Background to the International Workshop in Evolutionary Economics
In 1999 and 2003, the University of Queensland School of Economics and the ESRC Centre for Research in Innovation and Competition (CRIC) at the University of Manchester jointly organized international workshops, in Brisbane and Manchester respectively, dealing with the interface between evolutionary economics, complex systems science and the large literature on innovation theory and policy.
These gave rise to two very successful edited volumes, published by Edward Elgar: Frontiers of Evolutionary Economics: Competition, Self-organizationand Innovation Policy (2001) and Evolution and Economic Complexity (2004).
It is now eighteen years since Evolutionary Macroeconomics was published but, despite the fact that this book sold very well, no widely accepted evolutionary approach to macroeconomics came into being in the 1990s. What we have in the evolutionary economic literature are only fragments of macro analysis and modeling, mainly in the area of economic growth.
Meanwhile, macroeconomics has become, increasingly, an application of neoclassical microeconomics. Real business cycle theory, thought to be highly unrealistic and impossible to use by most economists a decade ago, has now gained official credence with the award of the Nobel Prize to Edward Prescott. Endogenous growth theory, although sometimes associated with the ideas of Joseph Schumpeter, is a construction built upon Robert Solow's neoclassical theory of economic growth. Even New Keynesian macroeconomists have publicly distanced most of their ideas from those of John Maynard Keynes, preferring work with a theory which has a neoclassical 'long run' that is deviated from in the 'short run' because of the presence of asymmetric information and incompleteness in markets.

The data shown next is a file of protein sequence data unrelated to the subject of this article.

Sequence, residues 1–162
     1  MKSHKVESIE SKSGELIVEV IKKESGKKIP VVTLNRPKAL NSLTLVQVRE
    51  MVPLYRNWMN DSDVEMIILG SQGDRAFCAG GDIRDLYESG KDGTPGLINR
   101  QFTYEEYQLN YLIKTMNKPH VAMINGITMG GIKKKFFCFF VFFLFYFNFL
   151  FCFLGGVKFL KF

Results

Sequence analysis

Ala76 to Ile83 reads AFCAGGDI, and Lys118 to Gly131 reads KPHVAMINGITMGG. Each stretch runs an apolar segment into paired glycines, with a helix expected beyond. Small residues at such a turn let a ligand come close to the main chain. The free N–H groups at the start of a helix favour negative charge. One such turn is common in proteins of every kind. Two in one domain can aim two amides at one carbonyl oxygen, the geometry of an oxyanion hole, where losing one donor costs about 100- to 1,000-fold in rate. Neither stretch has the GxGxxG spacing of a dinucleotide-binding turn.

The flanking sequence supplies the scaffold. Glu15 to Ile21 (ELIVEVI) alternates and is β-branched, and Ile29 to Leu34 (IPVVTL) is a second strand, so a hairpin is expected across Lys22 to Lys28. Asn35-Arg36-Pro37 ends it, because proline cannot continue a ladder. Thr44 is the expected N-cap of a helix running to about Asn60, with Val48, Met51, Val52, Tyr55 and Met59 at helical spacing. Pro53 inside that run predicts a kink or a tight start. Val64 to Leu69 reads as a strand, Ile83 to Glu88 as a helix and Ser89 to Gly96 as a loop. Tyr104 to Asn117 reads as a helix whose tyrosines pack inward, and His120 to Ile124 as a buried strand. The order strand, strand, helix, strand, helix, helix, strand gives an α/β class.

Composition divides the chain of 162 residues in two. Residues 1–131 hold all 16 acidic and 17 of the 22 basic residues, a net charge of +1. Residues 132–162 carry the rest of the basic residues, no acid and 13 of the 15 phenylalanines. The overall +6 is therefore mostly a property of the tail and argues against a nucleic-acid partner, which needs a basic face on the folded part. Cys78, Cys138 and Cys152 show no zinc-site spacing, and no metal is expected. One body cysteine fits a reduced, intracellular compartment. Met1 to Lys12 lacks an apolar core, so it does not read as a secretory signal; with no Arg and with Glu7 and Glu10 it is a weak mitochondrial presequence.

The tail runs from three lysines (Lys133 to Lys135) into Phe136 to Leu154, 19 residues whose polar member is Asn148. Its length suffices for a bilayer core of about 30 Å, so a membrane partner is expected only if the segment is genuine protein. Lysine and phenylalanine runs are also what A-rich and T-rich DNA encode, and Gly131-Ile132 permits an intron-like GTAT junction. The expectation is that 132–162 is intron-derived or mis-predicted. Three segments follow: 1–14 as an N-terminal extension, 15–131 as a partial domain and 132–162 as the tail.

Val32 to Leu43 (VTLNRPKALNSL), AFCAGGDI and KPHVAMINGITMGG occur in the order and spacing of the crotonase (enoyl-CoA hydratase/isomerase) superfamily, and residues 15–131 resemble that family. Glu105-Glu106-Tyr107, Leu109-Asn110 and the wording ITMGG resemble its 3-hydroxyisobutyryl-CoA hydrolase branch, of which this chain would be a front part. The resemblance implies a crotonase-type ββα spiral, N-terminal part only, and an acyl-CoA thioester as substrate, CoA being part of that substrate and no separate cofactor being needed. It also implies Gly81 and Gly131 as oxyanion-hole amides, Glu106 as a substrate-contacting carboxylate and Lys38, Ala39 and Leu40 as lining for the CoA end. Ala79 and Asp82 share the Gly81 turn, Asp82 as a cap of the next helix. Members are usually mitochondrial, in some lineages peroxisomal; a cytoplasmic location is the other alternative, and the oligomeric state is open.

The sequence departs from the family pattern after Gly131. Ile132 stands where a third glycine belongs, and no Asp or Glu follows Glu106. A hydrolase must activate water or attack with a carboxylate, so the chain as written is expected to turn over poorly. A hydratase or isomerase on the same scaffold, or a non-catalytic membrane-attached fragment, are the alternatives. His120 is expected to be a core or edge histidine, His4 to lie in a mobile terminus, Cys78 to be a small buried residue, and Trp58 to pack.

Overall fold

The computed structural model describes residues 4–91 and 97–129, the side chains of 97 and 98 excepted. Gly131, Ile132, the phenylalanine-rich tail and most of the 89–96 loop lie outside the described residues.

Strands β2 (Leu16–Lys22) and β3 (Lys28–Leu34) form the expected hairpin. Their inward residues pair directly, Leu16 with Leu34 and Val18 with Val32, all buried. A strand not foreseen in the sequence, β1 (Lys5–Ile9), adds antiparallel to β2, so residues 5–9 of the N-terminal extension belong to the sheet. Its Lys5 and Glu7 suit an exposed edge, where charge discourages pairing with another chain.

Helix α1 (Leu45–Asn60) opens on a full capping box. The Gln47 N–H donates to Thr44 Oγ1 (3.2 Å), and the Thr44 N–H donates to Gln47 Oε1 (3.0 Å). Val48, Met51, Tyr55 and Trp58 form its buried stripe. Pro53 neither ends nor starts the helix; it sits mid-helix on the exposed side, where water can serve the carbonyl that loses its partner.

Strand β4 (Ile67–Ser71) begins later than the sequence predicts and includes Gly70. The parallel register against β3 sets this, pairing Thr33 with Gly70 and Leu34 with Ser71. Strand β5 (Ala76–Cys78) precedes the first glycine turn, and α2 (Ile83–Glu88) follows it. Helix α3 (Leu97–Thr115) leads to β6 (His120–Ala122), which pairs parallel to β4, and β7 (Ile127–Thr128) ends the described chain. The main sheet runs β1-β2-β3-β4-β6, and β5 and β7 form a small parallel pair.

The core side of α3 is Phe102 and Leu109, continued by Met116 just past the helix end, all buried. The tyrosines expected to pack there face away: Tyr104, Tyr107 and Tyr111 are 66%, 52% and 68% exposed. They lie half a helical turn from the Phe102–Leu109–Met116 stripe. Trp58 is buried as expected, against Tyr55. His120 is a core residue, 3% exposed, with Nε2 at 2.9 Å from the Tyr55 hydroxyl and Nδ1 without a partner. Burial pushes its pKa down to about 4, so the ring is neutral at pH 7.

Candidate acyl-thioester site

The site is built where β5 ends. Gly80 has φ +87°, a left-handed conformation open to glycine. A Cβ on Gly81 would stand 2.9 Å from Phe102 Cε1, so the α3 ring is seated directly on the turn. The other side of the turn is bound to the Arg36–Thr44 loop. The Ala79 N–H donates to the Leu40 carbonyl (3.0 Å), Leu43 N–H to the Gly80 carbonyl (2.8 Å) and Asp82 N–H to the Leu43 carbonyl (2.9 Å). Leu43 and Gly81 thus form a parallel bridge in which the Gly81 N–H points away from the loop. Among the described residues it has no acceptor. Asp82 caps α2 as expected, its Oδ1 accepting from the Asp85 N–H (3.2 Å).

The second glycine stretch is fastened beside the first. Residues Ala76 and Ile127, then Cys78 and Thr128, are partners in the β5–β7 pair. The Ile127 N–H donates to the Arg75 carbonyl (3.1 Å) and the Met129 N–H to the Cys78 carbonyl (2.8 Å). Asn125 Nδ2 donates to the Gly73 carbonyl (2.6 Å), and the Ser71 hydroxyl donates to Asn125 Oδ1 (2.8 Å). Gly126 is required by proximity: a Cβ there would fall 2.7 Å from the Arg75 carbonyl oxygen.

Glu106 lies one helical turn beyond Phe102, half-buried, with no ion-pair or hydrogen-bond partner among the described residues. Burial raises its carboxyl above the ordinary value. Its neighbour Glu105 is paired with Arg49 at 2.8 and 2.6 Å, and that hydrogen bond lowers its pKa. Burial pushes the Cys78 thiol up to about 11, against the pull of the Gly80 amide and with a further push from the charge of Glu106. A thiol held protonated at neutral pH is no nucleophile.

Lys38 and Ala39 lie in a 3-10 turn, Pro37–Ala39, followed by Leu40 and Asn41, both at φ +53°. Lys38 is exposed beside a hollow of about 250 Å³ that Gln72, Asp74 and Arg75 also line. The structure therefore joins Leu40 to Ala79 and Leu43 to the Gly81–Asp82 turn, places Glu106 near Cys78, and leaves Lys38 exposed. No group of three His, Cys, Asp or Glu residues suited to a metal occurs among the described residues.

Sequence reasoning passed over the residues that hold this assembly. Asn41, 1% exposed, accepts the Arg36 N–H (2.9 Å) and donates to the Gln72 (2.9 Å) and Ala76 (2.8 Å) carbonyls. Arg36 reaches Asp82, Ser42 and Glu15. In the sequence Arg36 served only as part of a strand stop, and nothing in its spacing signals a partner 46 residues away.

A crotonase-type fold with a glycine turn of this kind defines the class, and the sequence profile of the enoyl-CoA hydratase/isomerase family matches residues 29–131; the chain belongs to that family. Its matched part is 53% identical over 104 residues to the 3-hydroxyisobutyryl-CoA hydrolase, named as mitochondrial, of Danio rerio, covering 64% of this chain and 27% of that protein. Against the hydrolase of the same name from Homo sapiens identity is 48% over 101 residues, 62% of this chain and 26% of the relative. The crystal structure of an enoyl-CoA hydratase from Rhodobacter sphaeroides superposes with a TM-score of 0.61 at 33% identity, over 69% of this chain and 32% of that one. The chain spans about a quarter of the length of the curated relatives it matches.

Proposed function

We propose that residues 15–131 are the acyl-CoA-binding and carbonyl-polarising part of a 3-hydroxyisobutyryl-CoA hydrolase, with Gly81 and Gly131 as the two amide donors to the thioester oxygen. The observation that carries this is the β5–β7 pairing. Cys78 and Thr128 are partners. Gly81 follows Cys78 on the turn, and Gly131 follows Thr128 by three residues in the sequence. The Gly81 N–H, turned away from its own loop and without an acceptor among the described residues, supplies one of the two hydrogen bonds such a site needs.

It is intended that the 2005 workshop will lead to new perspectives on the micro-foundations of macroeconomics that will help us to understand more clearly how processes such as innovation lead to beneficial macroeconomic outcomes and how economic systems that are recognized as being complex and adaptive can fluctuate endogenously through phases of inflation and recession. It is hoped that the macroeconomics of developing countries can also be better understood using these perspectives, bearing in mind just how inappropriate standard macroeconomics often is in such conditions. Since macroeconomics has always been a 'policy science', discussions of policy would seem to be appropriate. For example, innovation policy and policies to provide better information and communications infrastructure are generally felt to be 'a good thing' but the macroeconomic benefits of different policies of this kind are rarely quantified because there are very few models available to use for this purpose.